But she arrived too late to the party,

And all her suitors by then were already sacked.

Newton MessagePad

One of Apple’s few true missteps, the Newton MessagePad was the company’s first foray into touchscreen technology. Strangely, it was both a case of too much too soon as well as not enough. Though the hardware and memory were great for its time, it just wasn’t all that much better for notetaking than a pad of paper and a pen. Handwritten character recognition was still buggy, and there wasn’t enough other functionality to make up for it.


So rad was the Newton MessagePad

That Apple couldn’t wait to release him;

When the time came, even though his stylus was stiff,

Our hero just couldn’t manage the handwriting cliff.


ICQ was great in the early days of online chatting, but once AOL acquired it, the product stagnated and wasn’t adapted to compete. By the time AOL Instant Messenger was released and more user-friendly messaging became available, ICQ’s drop in the market was a foregone conclusion. Mobile options have since taken over even more of the market. Recently, though, a stable cross-platform version of ICQ has been making a mild comeback, though it will never be the giant it could have been.


Old ICQ was of a time

When one had to be a nerd to talk online;

So when someone else came along with a one-step solution,

Old ICQ was left in the dust with his IPs and ports and geek revolution.

Clairol Touch of Yogurt Shampoo

Yes, this was an actual thing, released to an unsuspecting public in the mid-1970s. At the height of the health and natural product movement in the United States, Clairol thought it a good idea to combine the benefits of yoghurt with hair care. It’s easy to see how, at the time, the idea seemed like it might work. The thing is, people didn’t like the thought of dairy in their shampoo. There were even cases of folks actually eating the stuff.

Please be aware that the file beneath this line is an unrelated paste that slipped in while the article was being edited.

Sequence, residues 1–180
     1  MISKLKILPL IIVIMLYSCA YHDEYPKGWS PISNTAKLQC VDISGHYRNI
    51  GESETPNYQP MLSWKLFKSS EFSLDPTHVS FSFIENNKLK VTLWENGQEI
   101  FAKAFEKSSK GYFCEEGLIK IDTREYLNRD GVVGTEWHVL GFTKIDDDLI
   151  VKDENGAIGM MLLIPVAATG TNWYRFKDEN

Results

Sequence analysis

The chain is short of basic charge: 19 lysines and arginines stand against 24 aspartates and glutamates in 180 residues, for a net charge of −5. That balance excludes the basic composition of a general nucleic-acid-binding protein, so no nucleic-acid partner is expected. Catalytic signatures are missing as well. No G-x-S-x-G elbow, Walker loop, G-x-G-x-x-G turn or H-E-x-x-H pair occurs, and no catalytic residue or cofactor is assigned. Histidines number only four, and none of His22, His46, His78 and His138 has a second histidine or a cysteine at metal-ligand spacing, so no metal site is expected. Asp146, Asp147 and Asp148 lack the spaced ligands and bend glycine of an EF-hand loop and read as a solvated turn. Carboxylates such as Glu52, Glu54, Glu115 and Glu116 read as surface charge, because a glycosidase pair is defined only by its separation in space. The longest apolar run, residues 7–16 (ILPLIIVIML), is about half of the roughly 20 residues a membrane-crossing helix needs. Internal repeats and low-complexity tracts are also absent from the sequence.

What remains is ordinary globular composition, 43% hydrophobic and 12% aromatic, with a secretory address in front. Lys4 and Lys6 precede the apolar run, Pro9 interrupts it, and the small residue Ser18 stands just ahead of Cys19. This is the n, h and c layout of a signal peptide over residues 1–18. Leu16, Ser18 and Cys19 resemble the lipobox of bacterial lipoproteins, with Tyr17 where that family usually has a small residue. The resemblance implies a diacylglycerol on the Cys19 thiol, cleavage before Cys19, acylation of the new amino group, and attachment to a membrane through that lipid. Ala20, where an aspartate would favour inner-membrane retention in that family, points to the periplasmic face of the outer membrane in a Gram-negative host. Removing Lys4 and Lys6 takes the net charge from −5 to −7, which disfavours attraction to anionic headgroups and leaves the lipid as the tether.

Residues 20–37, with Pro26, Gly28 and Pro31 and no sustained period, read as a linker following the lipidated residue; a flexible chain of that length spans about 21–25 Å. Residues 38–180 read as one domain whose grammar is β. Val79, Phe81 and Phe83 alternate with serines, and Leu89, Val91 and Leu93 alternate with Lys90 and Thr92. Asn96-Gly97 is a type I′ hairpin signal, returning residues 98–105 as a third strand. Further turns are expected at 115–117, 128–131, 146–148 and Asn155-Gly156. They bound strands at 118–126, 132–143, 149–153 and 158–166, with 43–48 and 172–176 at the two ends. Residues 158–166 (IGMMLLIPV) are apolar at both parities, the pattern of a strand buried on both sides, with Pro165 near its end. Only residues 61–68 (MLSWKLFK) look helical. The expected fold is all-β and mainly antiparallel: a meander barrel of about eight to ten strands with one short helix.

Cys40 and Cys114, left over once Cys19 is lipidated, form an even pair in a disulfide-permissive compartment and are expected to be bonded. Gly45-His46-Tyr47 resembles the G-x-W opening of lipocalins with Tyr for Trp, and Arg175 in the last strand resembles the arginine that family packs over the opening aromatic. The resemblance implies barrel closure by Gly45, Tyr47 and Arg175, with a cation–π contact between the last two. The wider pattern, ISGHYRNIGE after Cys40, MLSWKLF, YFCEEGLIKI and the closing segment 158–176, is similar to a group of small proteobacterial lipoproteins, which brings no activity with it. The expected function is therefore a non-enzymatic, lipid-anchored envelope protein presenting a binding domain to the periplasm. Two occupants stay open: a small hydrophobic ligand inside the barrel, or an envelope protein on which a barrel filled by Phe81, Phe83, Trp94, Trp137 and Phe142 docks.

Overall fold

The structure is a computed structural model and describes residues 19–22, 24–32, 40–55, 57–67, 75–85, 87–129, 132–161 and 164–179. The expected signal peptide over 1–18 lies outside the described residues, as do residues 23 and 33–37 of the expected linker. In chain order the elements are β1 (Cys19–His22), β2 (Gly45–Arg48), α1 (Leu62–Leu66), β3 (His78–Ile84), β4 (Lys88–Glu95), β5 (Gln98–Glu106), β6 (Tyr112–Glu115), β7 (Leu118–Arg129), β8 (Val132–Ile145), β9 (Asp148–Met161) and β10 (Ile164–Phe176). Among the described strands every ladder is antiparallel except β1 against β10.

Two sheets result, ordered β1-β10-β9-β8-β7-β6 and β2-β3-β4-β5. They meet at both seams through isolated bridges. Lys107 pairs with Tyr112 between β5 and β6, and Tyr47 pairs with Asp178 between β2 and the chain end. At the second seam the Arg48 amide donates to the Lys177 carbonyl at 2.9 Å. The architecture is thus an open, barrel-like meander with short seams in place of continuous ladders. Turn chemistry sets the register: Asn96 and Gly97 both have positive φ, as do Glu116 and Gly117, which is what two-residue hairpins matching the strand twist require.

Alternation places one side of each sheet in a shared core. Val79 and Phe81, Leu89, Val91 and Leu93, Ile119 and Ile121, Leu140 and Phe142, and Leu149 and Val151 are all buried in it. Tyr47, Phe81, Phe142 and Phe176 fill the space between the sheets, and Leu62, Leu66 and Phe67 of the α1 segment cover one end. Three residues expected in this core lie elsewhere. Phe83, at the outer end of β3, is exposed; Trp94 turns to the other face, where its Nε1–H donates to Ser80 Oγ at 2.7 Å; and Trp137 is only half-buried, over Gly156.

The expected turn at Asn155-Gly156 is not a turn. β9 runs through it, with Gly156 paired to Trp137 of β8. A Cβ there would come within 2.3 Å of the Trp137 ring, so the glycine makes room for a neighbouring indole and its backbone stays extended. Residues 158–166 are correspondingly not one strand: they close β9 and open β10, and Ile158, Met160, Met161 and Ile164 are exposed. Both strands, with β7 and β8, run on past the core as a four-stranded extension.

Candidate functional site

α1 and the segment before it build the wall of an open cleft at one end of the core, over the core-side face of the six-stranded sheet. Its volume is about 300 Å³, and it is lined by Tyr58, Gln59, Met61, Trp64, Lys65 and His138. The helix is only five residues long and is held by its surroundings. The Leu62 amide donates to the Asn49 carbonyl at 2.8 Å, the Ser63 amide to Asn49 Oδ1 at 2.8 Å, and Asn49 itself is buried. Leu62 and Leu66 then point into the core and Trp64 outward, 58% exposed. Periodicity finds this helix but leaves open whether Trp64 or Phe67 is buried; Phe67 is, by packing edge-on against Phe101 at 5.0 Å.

Clairol, she dared to bare-all

And tell us how she’d rub yogurt in her hair-all.


Blockbuster was the king of video rental brands and was poised to remain so even as DVD and Blu-ray rentals entered the scene. But the changeover from tape to disc allowed Netflix to swoop in with a mail-order business model for movie rentals based on the minuscule shipping weight of the new formats. Blockbuster, mired in brick and mortar costs and lacking in technology development resources, couldn’t keep up, and now they’re gone.


Blockbuster, your shelves were always stocked

With the latest and greatest, the classic and schlock;

But a nimble upstart zipped under your legs

And stole from your basket all of your eggs.

We can learn a lot about what not to do when conceiving, designing, and marketing new products by looking at the ways in which flops have come about in the past. A lot of the issues, though varied in the details, come down to overestimating the target audience and underestimating the competition. People are most often not ready for the cutting-edge possibilities as soon as those possibilities may be ready to market — and there is always a startup working on a better way to do what you’re doing right now.

19 Aug, 2020

Startup product manager. Sci fi, Fantasy and Science writer. My book: https://amzn.to/2MdNBs6